• first trailer for Us.
  • And five minutes into the director's latest socially conscious fright-fest, you know you're
  • in for something wholly original, and wholly horrific.
  • Much like its predecessor, Us is a bold, incisive, witty genre confection that happily wears
  • its influences on its sleeve.
  • And yet somehow, it still doesn't look, feel, or play like any horror film you've ever seen.
  • As far as the plot goes, it's a relatively simple tale that finds a family being terrorized
  • by evil versions of themselves.
  • But much like Get Out, Peele has much bigger fish to fry.
  • Expect plenty of narrative twists and turns along the way.
  • "Who are you people?"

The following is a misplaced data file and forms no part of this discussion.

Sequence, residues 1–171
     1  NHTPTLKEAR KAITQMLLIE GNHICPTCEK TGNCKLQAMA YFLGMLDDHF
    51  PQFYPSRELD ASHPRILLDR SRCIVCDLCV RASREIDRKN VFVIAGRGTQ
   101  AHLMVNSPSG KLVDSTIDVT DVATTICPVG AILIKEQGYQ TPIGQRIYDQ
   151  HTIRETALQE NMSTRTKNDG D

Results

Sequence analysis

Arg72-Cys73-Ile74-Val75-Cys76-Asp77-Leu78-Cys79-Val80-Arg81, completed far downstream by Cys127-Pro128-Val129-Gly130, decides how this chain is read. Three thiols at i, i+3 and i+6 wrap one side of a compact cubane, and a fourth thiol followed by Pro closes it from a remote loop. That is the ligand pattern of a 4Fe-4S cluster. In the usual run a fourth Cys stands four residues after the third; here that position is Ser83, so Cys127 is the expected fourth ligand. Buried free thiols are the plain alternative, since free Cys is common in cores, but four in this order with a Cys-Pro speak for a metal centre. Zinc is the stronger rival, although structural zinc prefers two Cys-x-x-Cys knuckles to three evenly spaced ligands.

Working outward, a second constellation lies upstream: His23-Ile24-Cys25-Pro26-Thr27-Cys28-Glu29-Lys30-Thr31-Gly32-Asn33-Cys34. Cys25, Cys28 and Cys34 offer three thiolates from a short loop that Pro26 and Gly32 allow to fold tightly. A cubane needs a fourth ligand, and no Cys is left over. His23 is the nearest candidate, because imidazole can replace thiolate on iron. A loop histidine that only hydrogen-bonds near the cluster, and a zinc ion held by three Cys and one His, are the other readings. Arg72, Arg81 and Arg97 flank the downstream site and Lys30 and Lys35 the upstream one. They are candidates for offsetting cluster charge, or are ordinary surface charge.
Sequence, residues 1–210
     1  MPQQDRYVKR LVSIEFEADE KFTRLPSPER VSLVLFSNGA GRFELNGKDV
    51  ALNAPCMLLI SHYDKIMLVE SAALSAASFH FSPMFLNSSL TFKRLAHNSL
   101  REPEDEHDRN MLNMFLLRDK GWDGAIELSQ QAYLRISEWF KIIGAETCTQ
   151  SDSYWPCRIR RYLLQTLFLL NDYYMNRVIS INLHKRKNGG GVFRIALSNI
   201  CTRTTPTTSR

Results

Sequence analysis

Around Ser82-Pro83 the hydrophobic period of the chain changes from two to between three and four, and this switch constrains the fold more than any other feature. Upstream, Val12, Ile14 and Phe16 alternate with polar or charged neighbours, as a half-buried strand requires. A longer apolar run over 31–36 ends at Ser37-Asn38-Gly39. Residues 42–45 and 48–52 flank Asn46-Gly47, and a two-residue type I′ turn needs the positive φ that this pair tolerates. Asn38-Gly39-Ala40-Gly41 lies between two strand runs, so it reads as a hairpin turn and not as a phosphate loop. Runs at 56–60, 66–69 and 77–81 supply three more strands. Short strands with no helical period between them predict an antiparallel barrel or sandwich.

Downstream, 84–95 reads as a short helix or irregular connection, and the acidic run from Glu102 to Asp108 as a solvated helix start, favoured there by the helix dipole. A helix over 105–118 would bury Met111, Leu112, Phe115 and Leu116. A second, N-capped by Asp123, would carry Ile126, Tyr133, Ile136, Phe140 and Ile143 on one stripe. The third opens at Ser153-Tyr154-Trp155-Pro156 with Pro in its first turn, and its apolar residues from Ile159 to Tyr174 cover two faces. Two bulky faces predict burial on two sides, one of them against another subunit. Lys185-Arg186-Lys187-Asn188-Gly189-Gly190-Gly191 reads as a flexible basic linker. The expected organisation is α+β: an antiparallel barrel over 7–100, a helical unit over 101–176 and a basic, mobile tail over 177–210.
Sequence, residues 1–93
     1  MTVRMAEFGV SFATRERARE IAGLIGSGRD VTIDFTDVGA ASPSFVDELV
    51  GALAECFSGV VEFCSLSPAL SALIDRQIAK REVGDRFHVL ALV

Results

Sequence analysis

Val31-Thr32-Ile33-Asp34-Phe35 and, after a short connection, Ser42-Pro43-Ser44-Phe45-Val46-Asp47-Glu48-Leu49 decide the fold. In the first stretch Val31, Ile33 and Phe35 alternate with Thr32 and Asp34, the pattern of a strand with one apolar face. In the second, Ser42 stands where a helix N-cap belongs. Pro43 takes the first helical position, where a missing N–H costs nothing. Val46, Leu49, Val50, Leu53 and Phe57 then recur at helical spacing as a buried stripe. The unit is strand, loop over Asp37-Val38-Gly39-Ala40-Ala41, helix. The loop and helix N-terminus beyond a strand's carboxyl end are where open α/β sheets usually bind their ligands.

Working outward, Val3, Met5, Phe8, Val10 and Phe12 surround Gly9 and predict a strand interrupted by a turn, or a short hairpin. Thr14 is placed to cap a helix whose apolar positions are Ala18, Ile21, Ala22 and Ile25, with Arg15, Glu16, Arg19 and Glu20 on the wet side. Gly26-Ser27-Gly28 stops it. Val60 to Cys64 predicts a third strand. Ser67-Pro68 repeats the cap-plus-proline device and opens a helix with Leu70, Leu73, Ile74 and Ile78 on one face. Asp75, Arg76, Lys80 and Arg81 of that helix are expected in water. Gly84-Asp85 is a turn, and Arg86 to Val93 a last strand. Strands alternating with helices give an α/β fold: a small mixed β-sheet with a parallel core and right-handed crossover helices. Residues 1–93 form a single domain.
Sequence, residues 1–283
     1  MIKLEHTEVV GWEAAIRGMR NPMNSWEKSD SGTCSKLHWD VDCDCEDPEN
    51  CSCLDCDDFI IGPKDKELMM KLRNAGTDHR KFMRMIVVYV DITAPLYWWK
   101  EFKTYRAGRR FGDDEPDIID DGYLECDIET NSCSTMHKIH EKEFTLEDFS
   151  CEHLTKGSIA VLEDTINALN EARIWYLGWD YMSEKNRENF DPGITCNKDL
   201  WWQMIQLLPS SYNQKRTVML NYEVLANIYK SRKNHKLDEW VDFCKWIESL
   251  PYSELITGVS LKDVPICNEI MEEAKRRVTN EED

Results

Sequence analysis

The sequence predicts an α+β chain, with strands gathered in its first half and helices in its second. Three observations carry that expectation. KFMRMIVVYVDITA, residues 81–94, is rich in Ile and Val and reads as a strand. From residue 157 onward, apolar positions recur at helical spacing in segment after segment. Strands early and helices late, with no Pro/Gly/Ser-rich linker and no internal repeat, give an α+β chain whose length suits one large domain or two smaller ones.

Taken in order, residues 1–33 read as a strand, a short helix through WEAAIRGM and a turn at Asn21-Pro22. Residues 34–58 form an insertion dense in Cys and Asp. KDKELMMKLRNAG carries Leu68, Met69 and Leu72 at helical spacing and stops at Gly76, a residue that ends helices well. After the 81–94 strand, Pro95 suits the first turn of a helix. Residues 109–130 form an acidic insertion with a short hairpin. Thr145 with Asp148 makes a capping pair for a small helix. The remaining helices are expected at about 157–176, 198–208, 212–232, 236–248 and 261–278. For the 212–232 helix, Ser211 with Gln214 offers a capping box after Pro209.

• "It's us."
  • We won't spoil anything here…but you should brace yourself for a near-suffocating sense
  • of existential dread.
  • And some serious bloodshed, too.
  • With so many acclaimed genre offerings hitting theaters, it's safe to say we're experiencing
  • a golden age of horror films.
  • And since Stephen King is behind some of the biggest hits in the bunch, it's also safe
  • to say we're living in a golden age of King adaptations.
  • While we anxiously wait for It: Chapter 2 to hit theaters, we can at least hunker down
  • and enjoy the grisly, emotionally punishing new adaptation of King's best-selling novel,
  • Pet Sematary.
  • If you remember Mary Lambert's merciless 1989 adaptation, you're probably still suffering